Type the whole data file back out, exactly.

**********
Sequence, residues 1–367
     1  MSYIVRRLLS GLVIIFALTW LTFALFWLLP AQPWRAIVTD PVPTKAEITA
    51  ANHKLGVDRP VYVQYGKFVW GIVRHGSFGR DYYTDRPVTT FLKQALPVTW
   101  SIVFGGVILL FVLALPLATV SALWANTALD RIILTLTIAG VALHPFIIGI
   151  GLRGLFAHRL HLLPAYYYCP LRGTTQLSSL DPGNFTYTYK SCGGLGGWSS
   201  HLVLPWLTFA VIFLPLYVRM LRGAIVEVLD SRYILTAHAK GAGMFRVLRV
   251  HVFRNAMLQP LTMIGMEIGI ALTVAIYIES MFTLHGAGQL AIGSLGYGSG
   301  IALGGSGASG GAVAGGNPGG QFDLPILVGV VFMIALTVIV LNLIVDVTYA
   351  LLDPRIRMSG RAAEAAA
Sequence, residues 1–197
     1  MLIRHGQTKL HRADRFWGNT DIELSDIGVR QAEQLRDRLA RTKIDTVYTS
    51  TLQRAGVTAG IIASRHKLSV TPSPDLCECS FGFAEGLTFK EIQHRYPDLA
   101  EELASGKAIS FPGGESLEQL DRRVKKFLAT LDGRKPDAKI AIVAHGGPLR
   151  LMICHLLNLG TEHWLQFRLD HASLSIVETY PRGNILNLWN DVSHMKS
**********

Sequence, residues 1–367
     1  MSYIVRRLLS GLVIIFALTW LTFALFWLLP AQPWRAIVTD PVPTKAEITA
    51  ANHKLGVDRP VYVQYGKFVW GIVRHGSFGR DYYTDRPVTT FLKQALPVTW
   101  SIVFGGVILL FVLALPLATV SALWANTALD RIILTLTIAG VALHPFIIGI
   151  GLRGLFAHRL HLLPAYYYCP LRGTTQLSSL DPGNFTYTYK SCGGLGGWSS
   201  HLVLPWLTFA VIFLPLYVRM LRGAIVEVLD SRYILTAHAK GAGMFRVLRV
   251  HVFRNAMLQP LTMIGMEIGI ALTVAIYIES MFTLHGAGQL AIGSLGYGSG
   301  IALGGSGASG GAVAGGNPGG QFDLPILVGV VFMIALTVIV LNLIVDVTYA
   351  LLDPRIRMSG RAAEAAA
Sequence, residues 1–197
     1  MLIRHGQTKL HRADRFWGNT DIELSDIGVR QAEQLRDRLA RTKIDTVYTS
    51  TLQRAGVTAG IIASRHKLSV TPSPDLCECS FGFAEGLTFK EIQHRYPDLA
   101  EELASGKAIS FPGGESLEQL DRRVKKFLAT LDGRKPDAKI AIVAHGGPLR
   151  LMICHLLNLG TEHWLQFRLD HASLSIVETY PRGNILNLWN DVSHMKS